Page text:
Richard Mille’s iconic RM 07-01 collection of automatic watches aimed at women is joined by new Intergalactic models combining the brand’s signature Carbon TPT with diamonds. The possibly unique combination of Carbon TPT – ultra-lightweight but strong with a warm velvety texture – and diamonds undoubtedly gives these models extra sparkle and highlights the fine attributes of each. Such is the strength of this high-performance material that settings for the stones as well as some snazzy red- gold prongs are machined with a diamond-bit milling tool. Diamonds are particularly prominent on the RM 07-01 Starry Night, worn with a Carbon TPT bracelet, and Bright Night models.

The new Oyster Perpetual Day-Date 36 by Rolex welcomes dials made of decorative stone in shimmering tones that evoke the Mediterranean coast. Green aventurine, carnelian and turquoise are paired with watches in 18-carat Everose, yellow and white gold respectively. Each of these three models features a diamond-set dial, diamond-set bezel and President bracelet with a concealed folding clasp. This bracelet, composed of carefully selected 18-carat gold, is a brand signature dating back to the launch of the line in 1956. A total of 52 brilliant- cut diamonds are affixed to the bezel in a precisely aligned, hand-carved setting.

Unveiled at Watches and Wonders 2023, Vacheron Constantin’s Patrimony Self-Winding Jewellery novelty glitters with diamonds, boasting a total encrustation of 769 round-cut stones, of which 420 embellish the dial. This sleek 18-carat white-gold watch comes with a sapphire crystal caseback and a shiny dark-blue alligator leather strap.

Chopard’s Red Carpet Collection 2023 embraces a plethora of watches exotically and colourfully adorned with diamonds. These Haute Joaillerie masterpieces include Ref. 104429-1001, which shimmers with pear-shaped and brilliant-cut diamonds, and the dazzling Ref. 104672-1001 with 28.3 carats of white diamonds and 21.65 carats of emeralds. Ref. 134154-5001’s pretty satin strap is distinguished by a diamond-set buckle.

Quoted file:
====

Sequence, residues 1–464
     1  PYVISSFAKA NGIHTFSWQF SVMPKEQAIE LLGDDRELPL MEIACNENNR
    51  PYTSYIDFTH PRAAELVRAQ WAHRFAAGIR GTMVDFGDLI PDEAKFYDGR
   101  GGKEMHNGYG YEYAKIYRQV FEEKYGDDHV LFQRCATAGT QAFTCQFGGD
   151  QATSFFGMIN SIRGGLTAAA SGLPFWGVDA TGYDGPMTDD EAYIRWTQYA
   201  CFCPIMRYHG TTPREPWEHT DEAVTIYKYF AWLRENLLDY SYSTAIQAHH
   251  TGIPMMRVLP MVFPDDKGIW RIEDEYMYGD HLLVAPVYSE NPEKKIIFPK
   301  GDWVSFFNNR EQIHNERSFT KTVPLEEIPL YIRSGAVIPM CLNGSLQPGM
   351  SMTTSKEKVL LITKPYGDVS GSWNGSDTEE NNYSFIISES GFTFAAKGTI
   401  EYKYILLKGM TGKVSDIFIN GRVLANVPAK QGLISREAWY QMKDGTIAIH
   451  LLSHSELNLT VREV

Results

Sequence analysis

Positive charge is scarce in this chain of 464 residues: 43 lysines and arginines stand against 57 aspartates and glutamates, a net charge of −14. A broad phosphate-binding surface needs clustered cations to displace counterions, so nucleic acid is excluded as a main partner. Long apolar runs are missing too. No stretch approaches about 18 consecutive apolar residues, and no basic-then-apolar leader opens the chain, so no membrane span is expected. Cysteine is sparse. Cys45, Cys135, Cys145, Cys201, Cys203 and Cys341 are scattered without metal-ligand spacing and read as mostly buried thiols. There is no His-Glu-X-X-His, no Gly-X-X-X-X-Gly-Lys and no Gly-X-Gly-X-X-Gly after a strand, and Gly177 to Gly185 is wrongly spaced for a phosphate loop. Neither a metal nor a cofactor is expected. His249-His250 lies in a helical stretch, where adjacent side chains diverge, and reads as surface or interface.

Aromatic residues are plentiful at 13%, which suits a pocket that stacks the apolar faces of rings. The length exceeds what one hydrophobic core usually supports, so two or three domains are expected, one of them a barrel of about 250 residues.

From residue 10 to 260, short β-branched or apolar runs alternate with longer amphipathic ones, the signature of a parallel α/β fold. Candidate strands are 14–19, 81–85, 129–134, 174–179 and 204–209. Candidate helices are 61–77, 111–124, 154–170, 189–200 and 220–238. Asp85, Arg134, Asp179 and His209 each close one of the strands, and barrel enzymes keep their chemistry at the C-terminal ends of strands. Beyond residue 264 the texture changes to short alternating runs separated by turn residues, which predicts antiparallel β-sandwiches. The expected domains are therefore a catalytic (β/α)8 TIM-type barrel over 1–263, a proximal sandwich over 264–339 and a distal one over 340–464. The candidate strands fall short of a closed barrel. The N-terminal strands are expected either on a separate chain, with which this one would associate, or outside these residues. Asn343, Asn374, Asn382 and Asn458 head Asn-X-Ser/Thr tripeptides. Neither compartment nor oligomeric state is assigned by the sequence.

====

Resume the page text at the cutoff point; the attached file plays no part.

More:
Chaumet has numerous models adorned with diamonds including the Souveraine and Maharani secret watches worn with black alligator-leather straps. The former dazzles with an 18-carat white gold case and hinges set with 111 brilliant-cut diamonds, and a secret cover resplendent in 155 brilliant-cut, pear-shaped and rose-cut diamonds.

Marble Marquetry by Harry Winston, on the other hand, is a spectacular bracelet watch showcasing 56 blue sapphires set among a blaze of white light comprising a grand total of 208 brilliant- cut, baguette-cut and pear-cut diamonds.

Swiss Precision: Geneva Watch Days allows Switzerland’s smaller names their day in the sun

Geneva Watch Days draws a plethora of independent manufactures to the city’s waterfront, where they shine alongside the bigger boys. The summer event acts as a platform for Swiss watchmaking and has been growing in stature since it was inaugurated in 2020 by eight prestigious brands. The number of participants has since mushroomed, and this year some 40 fine watchmakers took the opportunity to release new models or showcase their most eye-catching designs.

Take Breitling, which launched the new Navitimer 36 and 32 – two slender iterations, 36 mm and 32 mm respectively, to round out the Navitimer collection, and ideal for those who prefer a less weighty time machine on their wrists. Powered by the robust Breitling Calibre 17, the luxury models have mother-of-pearl dials studded with lab-grown diamonds and 18-carat red gold cases with cambered sapphire glass that is glare- proof on both sides. They can be worn with a seven- row traceable gold bracelet or an alligator leather strap. The 32mm version embraces the line’s first- ever powdery pink and light blue faces alongside the classic white. Using sustainable gold and diamonds vouches for the watchmaker’s integrity as well as its aesthetic credentials.